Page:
International Women’s Day was born out of the women’s rights movement. It first began in 1911 after an agreement was made at the International Conference of Working Women the previous year. By 1917, International Women’s Day was made a national holiday in most European countries. It eventually became a global holiday after its adoption by the United Nations in 1977.

Fast forward to today and the world has witnessed significant changes to women’s rights across the world. International Women’s Day is all about celebrating women’s socioeconomic, political and cultural achievements. It’s about commemorating the women who paved the way before us and uplifting the women around us.

It’s time to not only celebrate the women who paved the way for others in the industry, but to uplift those who are looking to make their mark in the marketing world and STEM positions that coincide.

A Brief History of Women’s Rights

In the UK, women over 30 were finally afforded the right to vote from 1918. However, there were certain criteria, for example being married to a member of the local government register and these criteria only applied to around 40% of women. In the same year, the Parliamentary Qualification of Women Act was passed, allowing women to stand as MPs.

In 1928, The Representation of the People (Equal Franchise) Act lowered the voting age of women to 21 and in the first election after this change, the Labour party took over from the Conservatives. These achievements would not exist without the dedication and collaboration of women across the UK. Protesting, striking and marching were pivotal to the success of these movements.  

The Sex Discrimination Act of 1975 saw the protection of women against discrimination in the workplace, training, education and more. This was eventually repealed by the Equality Act 2010 which further stated, ‘equal pay for equal work.’

Although this legislation is a step in the right direction, the fight for equality is not over yet. There are women all over the world who still experience gender bias, discrimination, violence against women and inequality.

‘I believe it’s incredible that as working women, we’ve been able to eliminate gender bias in the workplace. My feelings on the matter are strong since I believe this should have happened decades ago and is something we are now still fighting for in some cases.’

Hannah Knight, Social Media Assistant.

The Curator of the Women’s Library collection at the London School of Economics Library, Gillian Murphy says, ‘The suffrage campaign was a long campaign, taking 52 years from 1866 to 1918, because it was ultimately about changing people’s attitudes about women.’ But ‘this is something that we are still dealing with today if we think about the whole issue of violence against women and what is and what is not acceptable behaviours.’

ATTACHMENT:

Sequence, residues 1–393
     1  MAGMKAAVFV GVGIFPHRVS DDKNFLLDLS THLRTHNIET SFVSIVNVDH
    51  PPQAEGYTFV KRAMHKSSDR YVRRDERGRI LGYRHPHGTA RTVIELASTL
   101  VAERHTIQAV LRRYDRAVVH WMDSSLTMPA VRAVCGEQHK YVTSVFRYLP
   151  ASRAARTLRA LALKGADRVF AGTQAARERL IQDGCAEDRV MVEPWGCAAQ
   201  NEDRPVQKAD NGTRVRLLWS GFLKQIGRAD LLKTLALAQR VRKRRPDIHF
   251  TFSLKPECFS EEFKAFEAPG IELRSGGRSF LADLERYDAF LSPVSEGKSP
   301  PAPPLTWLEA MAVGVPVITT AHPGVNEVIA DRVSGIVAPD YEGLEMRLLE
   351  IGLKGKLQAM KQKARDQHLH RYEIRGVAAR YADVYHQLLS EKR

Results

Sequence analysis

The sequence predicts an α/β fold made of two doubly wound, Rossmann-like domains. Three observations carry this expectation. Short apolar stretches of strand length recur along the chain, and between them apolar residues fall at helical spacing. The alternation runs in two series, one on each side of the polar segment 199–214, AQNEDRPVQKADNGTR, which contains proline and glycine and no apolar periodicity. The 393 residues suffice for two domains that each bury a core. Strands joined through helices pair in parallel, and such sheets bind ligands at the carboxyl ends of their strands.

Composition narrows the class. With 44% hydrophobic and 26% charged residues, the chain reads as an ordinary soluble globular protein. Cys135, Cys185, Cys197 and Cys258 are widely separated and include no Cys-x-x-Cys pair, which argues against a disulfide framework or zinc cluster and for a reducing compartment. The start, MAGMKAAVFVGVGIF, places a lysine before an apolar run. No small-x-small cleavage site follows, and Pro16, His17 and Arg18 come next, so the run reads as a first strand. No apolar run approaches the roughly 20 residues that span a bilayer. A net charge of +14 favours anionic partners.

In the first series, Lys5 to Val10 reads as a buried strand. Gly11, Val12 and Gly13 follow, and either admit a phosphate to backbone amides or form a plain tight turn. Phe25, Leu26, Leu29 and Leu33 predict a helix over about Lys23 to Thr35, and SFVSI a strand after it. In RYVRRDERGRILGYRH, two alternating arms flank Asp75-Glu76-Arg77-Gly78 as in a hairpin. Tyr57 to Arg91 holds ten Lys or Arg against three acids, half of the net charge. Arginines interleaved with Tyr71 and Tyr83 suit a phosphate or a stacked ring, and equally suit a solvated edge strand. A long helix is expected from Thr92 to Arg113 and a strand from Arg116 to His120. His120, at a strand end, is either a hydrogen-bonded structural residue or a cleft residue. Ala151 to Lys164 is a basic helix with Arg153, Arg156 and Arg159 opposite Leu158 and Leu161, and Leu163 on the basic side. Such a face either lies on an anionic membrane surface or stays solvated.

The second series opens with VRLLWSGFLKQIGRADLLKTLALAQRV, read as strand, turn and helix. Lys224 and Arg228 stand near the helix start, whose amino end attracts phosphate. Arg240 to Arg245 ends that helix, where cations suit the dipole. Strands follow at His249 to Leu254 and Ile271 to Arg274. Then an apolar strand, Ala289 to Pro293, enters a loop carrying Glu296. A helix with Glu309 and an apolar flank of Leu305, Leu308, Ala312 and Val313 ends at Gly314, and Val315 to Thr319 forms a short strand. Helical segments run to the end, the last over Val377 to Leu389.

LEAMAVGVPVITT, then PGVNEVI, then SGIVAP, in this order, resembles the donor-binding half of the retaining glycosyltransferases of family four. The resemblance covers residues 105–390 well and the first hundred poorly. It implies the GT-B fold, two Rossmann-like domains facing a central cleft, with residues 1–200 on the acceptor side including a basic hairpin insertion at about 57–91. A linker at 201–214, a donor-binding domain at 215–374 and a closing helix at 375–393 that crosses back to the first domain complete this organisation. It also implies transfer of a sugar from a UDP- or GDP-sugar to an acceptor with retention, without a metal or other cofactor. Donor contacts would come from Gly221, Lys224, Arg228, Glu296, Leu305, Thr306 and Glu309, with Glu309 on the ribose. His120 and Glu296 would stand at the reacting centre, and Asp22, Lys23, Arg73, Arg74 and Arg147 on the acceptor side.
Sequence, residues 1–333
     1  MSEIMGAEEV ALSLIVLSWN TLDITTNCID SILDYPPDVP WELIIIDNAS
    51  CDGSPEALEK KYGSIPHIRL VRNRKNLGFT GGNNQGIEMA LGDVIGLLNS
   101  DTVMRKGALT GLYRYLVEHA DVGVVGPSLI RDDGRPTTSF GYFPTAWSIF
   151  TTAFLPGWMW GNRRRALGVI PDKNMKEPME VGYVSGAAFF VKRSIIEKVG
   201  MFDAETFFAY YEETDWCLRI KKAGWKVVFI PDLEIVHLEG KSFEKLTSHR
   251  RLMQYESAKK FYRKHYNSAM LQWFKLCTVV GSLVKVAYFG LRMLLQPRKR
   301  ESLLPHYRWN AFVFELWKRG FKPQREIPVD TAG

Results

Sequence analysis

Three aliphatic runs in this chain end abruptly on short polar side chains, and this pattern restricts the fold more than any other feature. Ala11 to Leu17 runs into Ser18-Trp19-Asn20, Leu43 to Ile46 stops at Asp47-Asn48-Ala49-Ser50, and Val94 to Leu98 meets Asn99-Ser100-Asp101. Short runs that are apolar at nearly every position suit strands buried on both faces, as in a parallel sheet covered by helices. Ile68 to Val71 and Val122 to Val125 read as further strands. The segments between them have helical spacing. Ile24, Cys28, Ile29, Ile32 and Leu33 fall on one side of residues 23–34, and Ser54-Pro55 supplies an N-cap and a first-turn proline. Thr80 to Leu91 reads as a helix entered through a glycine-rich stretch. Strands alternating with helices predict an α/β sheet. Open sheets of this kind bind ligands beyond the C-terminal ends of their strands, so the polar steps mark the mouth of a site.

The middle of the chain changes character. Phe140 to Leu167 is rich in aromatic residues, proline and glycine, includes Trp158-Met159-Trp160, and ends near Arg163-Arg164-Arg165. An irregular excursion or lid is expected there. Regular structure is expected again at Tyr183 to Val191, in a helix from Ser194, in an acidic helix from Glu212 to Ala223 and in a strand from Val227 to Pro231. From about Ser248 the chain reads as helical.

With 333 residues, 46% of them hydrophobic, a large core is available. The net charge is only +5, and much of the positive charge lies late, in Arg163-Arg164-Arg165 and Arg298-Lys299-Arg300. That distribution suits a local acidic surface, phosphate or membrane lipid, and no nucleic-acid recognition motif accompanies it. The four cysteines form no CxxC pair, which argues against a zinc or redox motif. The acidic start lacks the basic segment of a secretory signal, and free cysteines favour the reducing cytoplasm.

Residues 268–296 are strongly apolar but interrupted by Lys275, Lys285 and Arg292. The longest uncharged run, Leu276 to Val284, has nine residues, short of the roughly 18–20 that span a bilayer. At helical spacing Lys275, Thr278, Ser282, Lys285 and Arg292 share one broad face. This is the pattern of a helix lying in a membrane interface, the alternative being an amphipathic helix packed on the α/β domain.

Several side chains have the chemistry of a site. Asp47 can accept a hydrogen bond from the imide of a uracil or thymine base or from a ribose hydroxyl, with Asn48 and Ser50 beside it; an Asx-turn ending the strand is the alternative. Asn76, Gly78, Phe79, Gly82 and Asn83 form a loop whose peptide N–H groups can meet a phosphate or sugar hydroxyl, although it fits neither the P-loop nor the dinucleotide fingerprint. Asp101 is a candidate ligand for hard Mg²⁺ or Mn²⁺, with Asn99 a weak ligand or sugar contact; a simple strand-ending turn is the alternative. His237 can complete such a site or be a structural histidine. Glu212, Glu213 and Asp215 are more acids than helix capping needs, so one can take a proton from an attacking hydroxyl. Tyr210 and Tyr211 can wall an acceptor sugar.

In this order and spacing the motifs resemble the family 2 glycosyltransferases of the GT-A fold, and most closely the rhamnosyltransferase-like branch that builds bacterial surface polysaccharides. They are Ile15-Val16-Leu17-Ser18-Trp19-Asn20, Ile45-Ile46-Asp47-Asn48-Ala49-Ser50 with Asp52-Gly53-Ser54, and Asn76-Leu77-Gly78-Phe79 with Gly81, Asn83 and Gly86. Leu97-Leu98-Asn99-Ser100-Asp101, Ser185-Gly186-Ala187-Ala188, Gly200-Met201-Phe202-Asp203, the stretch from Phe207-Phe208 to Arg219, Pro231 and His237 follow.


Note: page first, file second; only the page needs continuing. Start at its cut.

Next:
Horizontal poster with a group of women of different ethnic groups crossing their arms. International women’s day. 8th march. Break The Bias.

Gender Disparities in Digital Marketing

At Castle, our workforce is 43% female which means we can make varied decisions when it comes to our clients and the way we work. We have many women in leading roles within the company as we know that expertise and leadership have no gender. However, we recognise the biases that still exist and aim to eliminate them from the workplace through several policies and the culture we have created.  

‘As a woman in the digital marketing industry, it is important to celebrate the equality that we experience in the workplace, that once wasn’t a possibility. I think it is crucial to fight for what I believe in, including breaking the bias and making sure that as a younger generation, we continue to create a world free of stereotypes and discrimination!’

Emma Cottham, Affiliate Marketing Assistant.

However fortunate we are in our current workplace, to feel free to express ourselves and be heard, to strive for ambitions and reach them, there are still wider problems in the industry that need to be looked at with a critical eye and addressed. Both in the wider landscape and within each business.

‘Social Media is a women dominated industry, but even in an industry with such a strong female presence there is still gender bias. Having the platform algorithms ‘mansplained’ to you, or even the fact that every mainstream social media platform to date has been created by a man with their own male experiences of interaction and socialising influencing how the app is designed.

In reality, women communicate in a completely different way to men and perhaps in an alternate universe Facebook would have looked a lot different if it was designed by a woman. When it comes to social media, men are the face of the industry, the owners, the leaders, but the women are the cogs that make it work.’

Elena Rosewell, Senior Accounts Manager.

It’s important to note the presence of women within the industry and STEM positions that work alongside marketing, and how they keep the system going through creativity and innovative expertise. Both in front of the camera and behind the scenes.

Ellen Pao is the co-founder and CEO of Project Include, she’s a huge advocate for women’s rights and evolving corporate culture. When working as Reddit’s Head of Business Development and Strategic Partnerships she banned the use of ‘revenge porn’ and unauthorised nude photos, inspiring other social media platforms to follow suit. Project Include’s mission is to prevent and address sexism and gender discrimination in Silicon Valley and to improve diversity and inclusion within the tech world.

‘Achieving equality in the workplace must be an intersectional effort. It is not enough to view women in the workplace as a monolithic group. The challenges faced by women of colour, by disabled women, or by LGBTQ+ women, for example, are all different. Businesses who want to achieve equity in 2022 and beyond must be willing to confront themselves honestly to implement policies that benefit and uplift as many women as possible.’

Shannon Mulligan, Head of Social Ads.

Kimberly Bryant is the founder and CEO of Black Girls Code, a non-profit that gives opportunities to girls of colour to break into STEM subjects through education in areas such as mobile and app design, web design and artificial intelligence. Bryant recognised that the gap wasn’t due to a lack of interest, but a lack of access. They have a goal of teaching a million black girls to code by 2040.

‘For me breaking the gender bias is making sure we equally value, celebrate and acknowledge a person’s achievements, skills or success, regardless of how they might identify. We should aim to be successful, not a successful woman!’

Michelle McMullan, Accounts Manager.

Ade Onilude is the founder and CEO of Women in Marketing, a network created to inspire, educate, connect and recognise women working in the world of marketing. They hold events to educate and empower women in marketing and hold the Women in Marketing Awards every year. Onilude highlights the importance of celebrating the achievements of women in the industry.